July in Bangkok, Part I

After June

July 1-5, 2005

Friday, July 1, 2005

The red screen of death!

I'd heard of the 'blue screen of death': when Windows is murdered or commits suicide or just gives up the ghost. But, let me go back about nine hours to shift the spectrum.

This morning on the way to coffee I noticed that my Sony VAIO screen was black. 'Odd', I thought, as I never use the hybernate mode. So I clicked the 'enter' button a couple of times and for a very brief second I saw my page in crimson ink ... and then it went instantly to black. Now, very concerned, I force-clicked the 'off' switch (using manual override) and restarted the Sony ... again for one tiny moment there appeared the word "VAIO" in that same scary blood red ink, only for it to disappear into the black.

The hard drive seems to be working OK ... it made all the proper noises as it was starting up so I think the fault lies somewhere in the world of the occult. Perhaps the occupants of our 'spirit houses' have felt slighted; Watcharee regularly gives them wholesome food but I notoriously neglect them.

Whatever, I am now on a spare machine: one that I have not used in a long time. So, I'll take this opportunity to see what old out-takes are in its memory.

Here goes:

Saturday, July 2, 2005

What is the life expectancy of a computer? I mean her real 'life'; not when you, as the user, are experiencing a 'seven year itch' ... and start looking around for something fresher off the shelf. I want to know how long can you reasonably expect your digital mate to breathe ... assuming you intend to remain monogamous to the end?

I have had a dozen or so digital mates over the years. Most of them have been cast aside when I found something younger and more beautiful. But, a couple of them have died prematurely. This last happened to me yesterday. My Sony VAIO, which I have loved ever since I bought her, died sometime during the night. Today I am back with my "mia noi" (*). She is not grumpy for having been neglected for so long. But, I am not sure what she is going to say when I take delivery of my thirteenth mate tomorrow night. I pray that she just quietly folds away and says, "I'm always here when you need me."

(*) "Mia noi" in Thai literally means "minor wife". She has a status similar to a mistress in the west.

PS: From my friend, Don Bull:

Good-bye to Your Partner in Love

It is so hard to say Good-bye.
The tears pour forth, as we all cry
We want to see that face, that smile.
We won't be ready, for a while

To say Good-bye to one we knew
Who lived and loved and laughed so true.
We realize a broken heart
Is there inside you and: Apart

From all the things, we do not say
We wanted you to know today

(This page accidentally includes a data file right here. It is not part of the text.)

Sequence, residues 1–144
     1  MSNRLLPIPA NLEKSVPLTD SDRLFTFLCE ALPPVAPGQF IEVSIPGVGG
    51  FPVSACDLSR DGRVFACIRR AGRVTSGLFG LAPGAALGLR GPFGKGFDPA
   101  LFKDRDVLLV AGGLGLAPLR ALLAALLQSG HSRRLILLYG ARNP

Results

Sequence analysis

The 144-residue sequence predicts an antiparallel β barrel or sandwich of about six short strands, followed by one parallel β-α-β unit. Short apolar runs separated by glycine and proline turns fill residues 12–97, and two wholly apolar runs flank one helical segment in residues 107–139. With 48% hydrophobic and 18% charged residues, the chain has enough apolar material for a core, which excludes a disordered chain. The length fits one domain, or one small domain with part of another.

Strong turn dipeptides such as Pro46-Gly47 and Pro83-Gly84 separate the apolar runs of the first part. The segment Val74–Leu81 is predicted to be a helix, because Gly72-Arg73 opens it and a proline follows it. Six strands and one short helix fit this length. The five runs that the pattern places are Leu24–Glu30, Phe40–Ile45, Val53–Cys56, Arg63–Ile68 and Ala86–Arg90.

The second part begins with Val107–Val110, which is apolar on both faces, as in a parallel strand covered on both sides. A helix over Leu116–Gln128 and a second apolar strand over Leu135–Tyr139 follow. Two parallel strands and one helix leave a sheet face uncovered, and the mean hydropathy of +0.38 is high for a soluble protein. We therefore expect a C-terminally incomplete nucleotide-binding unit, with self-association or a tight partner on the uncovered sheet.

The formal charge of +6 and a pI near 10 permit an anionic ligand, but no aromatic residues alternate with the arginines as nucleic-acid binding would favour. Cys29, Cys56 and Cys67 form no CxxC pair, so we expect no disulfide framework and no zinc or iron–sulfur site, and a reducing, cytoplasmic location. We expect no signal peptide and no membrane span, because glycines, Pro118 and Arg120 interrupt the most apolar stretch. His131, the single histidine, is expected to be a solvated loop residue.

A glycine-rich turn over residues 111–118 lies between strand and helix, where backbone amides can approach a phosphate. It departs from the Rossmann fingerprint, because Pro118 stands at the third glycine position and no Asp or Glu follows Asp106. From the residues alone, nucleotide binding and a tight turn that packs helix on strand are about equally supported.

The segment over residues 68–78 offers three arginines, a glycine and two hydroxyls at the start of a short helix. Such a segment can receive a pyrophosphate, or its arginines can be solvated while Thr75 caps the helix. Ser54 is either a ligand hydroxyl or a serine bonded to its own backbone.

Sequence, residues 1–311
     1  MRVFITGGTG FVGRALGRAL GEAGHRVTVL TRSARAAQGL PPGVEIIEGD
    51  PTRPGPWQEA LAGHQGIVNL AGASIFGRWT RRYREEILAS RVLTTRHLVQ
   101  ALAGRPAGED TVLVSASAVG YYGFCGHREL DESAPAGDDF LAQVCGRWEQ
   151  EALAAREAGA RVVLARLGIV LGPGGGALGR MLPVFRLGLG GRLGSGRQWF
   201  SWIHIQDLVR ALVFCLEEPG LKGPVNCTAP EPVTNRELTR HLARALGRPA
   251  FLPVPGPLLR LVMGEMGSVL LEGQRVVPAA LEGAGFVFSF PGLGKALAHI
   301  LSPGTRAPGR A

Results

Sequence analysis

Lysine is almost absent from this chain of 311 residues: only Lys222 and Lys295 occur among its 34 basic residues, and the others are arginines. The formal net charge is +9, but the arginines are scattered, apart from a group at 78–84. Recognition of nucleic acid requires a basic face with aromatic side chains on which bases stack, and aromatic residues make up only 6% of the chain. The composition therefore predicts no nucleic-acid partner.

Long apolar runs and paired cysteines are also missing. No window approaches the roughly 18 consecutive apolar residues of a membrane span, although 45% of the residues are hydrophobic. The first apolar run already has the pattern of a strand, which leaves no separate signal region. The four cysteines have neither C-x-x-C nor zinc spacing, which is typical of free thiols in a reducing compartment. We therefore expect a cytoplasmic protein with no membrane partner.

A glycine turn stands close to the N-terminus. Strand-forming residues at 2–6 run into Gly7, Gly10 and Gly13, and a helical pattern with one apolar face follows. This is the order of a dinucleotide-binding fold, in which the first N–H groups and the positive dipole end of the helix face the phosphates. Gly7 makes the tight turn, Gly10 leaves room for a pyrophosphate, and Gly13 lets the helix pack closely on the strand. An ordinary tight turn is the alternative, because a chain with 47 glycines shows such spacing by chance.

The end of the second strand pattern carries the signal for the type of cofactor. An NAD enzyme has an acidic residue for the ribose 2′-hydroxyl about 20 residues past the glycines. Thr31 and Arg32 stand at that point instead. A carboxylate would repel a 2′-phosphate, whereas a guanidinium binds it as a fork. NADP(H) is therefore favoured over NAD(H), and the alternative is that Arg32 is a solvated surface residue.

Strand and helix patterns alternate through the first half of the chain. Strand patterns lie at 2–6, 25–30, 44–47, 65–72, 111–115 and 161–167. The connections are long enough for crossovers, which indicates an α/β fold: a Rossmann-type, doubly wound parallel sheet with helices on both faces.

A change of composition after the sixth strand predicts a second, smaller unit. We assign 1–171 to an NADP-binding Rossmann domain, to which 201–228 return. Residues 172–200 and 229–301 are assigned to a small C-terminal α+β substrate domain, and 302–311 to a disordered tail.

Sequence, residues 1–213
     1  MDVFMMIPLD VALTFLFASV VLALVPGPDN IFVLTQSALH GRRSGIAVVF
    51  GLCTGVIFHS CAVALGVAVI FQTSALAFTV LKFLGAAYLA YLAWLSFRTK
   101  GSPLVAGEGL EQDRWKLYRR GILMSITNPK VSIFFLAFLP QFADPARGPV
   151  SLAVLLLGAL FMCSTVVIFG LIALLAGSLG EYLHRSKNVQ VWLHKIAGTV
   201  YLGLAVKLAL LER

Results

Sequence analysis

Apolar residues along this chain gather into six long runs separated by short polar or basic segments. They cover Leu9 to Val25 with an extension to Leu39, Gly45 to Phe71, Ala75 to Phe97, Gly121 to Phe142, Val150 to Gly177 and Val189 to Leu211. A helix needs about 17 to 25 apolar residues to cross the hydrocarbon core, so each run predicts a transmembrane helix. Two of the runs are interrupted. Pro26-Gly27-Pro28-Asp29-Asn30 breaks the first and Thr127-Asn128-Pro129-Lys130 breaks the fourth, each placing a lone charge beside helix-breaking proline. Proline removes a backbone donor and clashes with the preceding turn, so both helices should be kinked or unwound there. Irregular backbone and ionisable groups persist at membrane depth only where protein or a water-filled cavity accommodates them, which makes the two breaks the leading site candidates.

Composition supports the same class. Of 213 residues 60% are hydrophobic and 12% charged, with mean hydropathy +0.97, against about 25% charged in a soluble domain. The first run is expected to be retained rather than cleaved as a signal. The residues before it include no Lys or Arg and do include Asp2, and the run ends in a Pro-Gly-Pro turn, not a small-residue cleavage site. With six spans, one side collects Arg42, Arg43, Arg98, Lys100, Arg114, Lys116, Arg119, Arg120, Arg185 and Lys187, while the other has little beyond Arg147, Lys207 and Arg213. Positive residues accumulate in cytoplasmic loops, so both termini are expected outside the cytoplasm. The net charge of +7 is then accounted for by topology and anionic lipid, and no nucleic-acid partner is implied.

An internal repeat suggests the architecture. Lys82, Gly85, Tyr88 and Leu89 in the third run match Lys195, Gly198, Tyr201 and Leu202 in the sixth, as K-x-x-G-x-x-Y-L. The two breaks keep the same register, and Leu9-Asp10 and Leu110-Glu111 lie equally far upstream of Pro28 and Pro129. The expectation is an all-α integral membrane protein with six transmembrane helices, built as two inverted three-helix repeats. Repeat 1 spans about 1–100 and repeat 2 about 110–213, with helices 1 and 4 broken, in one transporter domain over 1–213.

That your love was a gentle kind
Of tenderness. So hard to find.

And though we may not say much more
Outside that giant hardwood door,
For it would cause more tears to flow,
We still wanted you to know:

We say good-bye to your Partner in Love ...
And pray God saves your place ... above.

Sunday, July 3, 2005

Please Stand By. Repairs Are Currently In Progress.

Monday, July 4, 2005

He is a twenty-something 'graduate' of Pantip Plaza ... 'mall-smart' in a Petchaburi Road way!

Thanks to him THOCBDC is ready to broadcast again. During the day Panya works for True (my Bangkok broadband service); at night and on Sundays he operates his own company: Panya Computer and Networks.

Faster than Gateway or Dell could ever have done it Panya had custom built for me a desktop machine according to my specifications ... OK, he asked what I wanted but then he made some helpful suggestions. The surprise: he hand delivered the finished product less than 24 hours later. Plus, he updated all of my software and he even attached some of the quirky and ancient peripherals that I had previously 'umbilicaled' to my now dead VAIO.

Computers are cheap in Thailand. (*)

I am very happy.

(*) Cars are not!

Tuesday, July 5, 2005

Most of you already know that this was going to be a Sofitel hotel. But, for years it has remained unfinished. When THOCBDC first moved to Bangkok this hulk was already a zombie. THOCBDC even visited it twice; photographing its abandoned bowels. There was no sign of life.

Bangkok's skyline is 'peopled' with many of the city's concrete walking dead. Most of them stopped breathing in 1997: at the moment of the great Thai monetary crisis. Not so the Sofitel! It, many say, joined the walking dead just because of ghosts. Since ghosts are an important part of Thai beliefs (*) this was an obviously 'killing' sales point for the property and its lenders.

Sometime in late 2003 or 2004 the place was bought by the Hilton folks. They have scheduled an opening for December of this year ... the Bangkok Hilton (sister of Paris?). I am not sure what the new owners did about the ghosts. Maybe they handled it a typical Thai way: paid them money to go away. (**)

In the past, when in a lazy or non-creative mood, I have photo-chronicled its remake from our back porch here at River Garden. Today is another one of my unimaginative days. Enough apology. Now it appears that the construction workers have finally gutted the revolving bar on the top of the building.

(*) My wife's mother has a powerful string1 (blessed by a monk) that weaves its way through the frame of her house in Ayutthaya. It is a barrier through which ghosts can not pass.

(**) I doubt that they used strings.

1 Yes, it appears to be just ordinary household string: white, wound and thin ... the same stuff you'd find in your kitchen drawer at home.

PS: Mandy writes: "Boring!"

Next: Part II

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